"Later I had two green ones [alligator pears] — not so perfect. I painted them several times [c. 1920] when the men [American modernist artists, a.o. Marsden Hartley ] didn't think much of what I was doing. They were all discussing Paul Cézanne, with long involved remarks about the 'plastic quality' of his form and colour. I was an outsider. My colour and form were not acceptable. It had nothing to do with Cézanne or anything else. I didn't understand what they were talking about why one colour was better than another.. .Years later when I finally got to Cézanne's Mont Sainte-Victoire in the south of France, I remember sitting there thinking, 'How could they attach all those analytical remarks to anything he did with that mountain?' All those entire words piled on top of that poor little mountain seemed too much.".


"The clean clear colours [of a Shanty farm] were in my head. But one day as I looked at the brown burned wood of the Shanty, I thought 'I can paint one of those dismal-coloured paintings like the men. I think just for fun I will try - all low-toned and dreary with the tree besides the door.' In my next show [c. 1923], 'The Shanty' went up. The men seemed to approve of it. They seemed to think that maybe I was beginning to paint.. ..that was my only low-toned dismal-coloured painting.".

"I painted 'the Shelton with Sunspots' [New York], in 1926. I went out one morning to look at it before I started to work and there was the optical illusion of a bite out of one side of the tower made by the sun, with sunspots against the building and against the sky. I made that painting beginning at the upper left and went off at the lower right without going back.".


"I find that I have painted my life, things happening in my life — without knowing. After painting the Shell and shingle [c, 1926] many times, I did a misty landscape of the mountain across the lake, and the mountain became the shape of the shingle — the mountain I saw out my window, the shingle on the table in my room. I did not notice that they were alike for a long time after they were painted.".

"After I had been in Canada painting the wide white barns along the Saint Lawrence river, I thought how different the life of the Canadian farmer was from life in Cebolla. So I painted [in 1945] the Cebolla church which is so typical of that difficult life. I have always thought it one of my very good paintings, though its message is not as pleasant as many of the others.".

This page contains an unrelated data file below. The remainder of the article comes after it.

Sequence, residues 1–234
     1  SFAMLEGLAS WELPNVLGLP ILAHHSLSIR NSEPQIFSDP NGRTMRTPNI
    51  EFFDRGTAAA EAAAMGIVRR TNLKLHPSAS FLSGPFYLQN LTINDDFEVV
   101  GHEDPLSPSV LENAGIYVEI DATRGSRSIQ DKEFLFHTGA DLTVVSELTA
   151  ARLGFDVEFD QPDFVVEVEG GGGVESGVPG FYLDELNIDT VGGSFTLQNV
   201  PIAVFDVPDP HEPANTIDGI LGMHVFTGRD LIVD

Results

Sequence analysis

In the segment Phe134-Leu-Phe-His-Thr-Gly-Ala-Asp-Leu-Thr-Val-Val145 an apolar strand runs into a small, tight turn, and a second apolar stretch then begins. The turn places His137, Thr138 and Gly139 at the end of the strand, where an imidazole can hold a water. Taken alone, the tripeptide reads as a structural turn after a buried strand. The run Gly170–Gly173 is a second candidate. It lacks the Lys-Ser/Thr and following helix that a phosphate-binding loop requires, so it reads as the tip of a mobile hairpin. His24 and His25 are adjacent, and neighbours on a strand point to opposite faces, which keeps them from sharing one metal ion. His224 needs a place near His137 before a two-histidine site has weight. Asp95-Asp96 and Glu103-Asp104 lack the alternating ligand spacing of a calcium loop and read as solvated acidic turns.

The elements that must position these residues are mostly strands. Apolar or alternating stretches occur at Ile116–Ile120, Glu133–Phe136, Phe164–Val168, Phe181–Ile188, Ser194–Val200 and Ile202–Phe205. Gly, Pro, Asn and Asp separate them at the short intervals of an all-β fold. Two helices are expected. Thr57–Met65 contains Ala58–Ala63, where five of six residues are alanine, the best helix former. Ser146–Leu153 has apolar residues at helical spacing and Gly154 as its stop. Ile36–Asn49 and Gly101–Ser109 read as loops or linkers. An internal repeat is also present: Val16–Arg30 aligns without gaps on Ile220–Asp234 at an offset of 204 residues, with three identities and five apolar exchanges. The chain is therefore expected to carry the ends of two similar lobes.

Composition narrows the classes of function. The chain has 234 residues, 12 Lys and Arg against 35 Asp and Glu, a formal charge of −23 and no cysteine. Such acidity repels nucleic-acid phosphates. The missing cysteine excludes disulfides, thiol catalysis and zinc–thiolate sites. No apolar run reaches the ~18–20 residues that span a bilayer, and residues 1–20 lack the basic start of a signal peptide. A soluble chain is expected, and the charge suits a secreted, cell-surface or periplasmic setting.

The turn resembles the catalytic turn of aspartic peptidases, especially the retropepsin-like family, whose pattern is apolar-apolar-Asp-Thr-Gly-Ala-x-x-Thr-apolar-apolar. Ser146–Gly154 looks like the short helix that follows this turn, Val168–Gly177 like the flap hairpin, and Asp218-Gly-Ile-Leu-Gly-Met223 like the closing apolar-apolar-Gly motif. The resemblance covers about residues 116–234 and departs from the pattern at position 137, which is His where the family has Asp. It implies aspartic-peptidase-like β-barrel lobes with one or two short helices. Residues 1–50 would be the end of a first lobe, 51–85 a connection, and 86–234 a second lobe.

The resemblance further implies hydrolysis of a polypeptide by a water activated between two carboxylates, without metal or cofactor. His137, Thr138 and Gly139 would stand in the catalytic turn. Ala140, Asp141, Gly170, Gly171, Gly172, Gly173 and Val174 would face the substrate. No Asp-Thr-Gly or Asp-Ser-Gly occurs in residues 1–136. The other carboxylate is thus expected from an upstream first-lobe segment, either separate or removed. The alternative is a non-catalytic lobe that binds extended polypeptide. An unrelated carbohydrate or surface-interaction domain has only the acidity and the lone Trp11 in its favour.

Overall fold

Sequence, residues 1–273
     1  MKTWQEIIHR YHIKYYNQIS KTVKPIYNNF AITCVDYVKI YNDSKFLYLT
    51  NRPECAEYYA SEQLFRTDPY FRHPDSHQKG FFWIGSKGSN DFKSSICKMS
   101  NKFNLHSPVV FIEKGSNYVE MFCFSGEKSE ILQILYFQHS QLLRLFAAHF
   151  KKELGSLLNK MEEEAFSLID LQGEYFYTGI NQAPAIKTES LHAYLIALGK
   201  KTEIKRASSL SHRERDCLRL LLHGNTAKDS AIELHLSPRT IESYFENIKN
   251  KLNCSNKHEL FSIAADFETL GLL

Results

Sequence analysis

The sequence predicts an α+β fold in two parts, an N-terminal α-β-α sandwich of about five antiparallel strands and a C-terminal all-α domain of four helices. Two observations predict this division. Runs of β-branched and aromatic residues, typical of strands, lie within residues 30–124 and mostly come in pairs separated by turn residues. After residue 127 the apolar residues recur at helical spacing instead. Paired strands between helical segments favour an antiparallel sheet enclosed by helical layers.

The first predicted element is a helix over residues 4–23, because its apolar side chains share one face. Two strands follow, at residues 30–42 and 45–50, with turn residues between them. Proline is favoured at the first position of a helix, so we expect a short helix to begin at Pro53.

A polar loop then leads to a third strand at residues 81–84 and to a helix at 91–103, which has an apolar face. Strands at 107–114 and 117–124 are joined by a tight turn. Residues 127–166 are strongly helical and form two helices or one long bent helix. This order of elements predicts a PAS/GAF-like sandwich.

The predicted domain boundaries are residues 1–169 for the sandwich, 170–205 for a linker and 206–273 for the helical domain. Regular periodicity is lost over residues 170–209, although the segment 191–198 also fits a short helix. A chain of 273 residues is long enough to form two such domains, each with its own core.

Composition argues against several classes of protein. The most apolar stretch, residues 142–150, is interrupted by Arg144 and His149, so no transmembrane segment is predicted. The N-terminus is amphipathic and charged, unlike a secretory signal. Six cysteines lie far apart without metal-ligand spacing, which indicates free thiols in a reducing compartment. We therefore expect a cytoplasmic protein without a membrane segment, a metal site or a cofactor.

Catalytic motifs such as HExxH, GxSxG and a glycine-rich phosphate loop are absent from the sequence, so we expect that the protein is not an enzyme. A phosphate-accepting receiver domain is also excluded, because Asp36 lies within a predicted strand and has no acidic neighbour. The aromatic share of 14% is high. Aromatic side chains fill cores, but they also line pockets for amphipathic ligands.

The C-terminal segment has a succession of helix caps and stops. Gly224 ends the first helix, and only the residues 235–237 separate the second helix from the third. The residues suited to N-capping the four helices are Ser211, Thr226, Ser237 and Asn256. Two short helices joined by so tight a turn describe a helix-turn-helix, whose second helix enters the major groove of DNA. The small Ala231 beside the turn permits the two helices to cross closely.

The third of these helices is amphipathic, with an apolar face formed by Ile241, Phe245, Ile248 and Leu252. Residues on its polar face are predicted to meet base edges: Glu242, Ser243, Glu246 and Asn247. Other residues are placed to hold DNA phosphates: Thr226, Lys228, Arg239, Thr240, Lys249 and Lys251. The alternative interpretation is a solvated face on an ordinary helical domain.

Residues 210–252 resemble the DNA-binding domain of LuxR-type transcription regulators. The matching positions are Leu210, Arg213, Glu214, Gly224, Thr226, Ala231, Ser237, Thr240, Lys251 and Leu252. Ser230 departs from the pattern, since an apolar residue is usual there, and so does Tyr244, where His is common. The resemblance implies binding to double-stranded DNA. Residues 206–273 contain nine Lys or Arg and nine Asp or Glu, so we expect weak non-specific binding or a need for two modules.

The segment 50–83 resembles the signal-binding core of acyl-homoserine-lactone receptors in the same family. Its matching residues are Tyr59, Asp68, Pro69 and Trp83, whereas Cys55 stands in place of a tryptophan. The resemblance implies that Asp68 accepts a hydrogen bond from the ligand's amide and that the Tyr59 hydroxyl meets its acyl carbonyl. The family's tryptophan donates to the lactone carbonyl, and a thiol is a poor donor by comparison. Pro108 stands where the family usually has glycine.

"There are people who have made me see shapes — and others I thought of a great deal, even people I have loved, who make me see nothing. I have painted portraits that to me are almost photographic. I remember hesitating to show the paintings, they looked so real to me. But they have passed into the world as abstractions - no one seeing what they are.".

"I don't remember where I picked up the head - or the hollyhock. Flowers were planted among the vegetables in the garden between the house and the hills and I probably picked the hollyhock one day as I walked past. My paintings sometimes grow by pieces from what is around.. .I have used these things to say what is to me the wideness and wonder of the world as I live in it.".


"It is surprising to me to see how many people separate the objective from the abstract. Objective painting is not good painting unless it is good in the abstract sense. A hill or tree cannot make a good painting just because it is a hill or a tree. It is lines and colours put together so that they say something. For me that is the very basis of painting. The abstraction is often the most definite form for the intangible thing in myself that I can only clarify in paint. … I found I could say things with color and shapes that I couldn't say any other way — things I had no words for.".


"The unexplainable thing in nature that makes me feel the world is big fat beyond my understanding — to understand maybe by trying to put it into form. To find the feeling of infinity on the horizon line or just over the next hill.".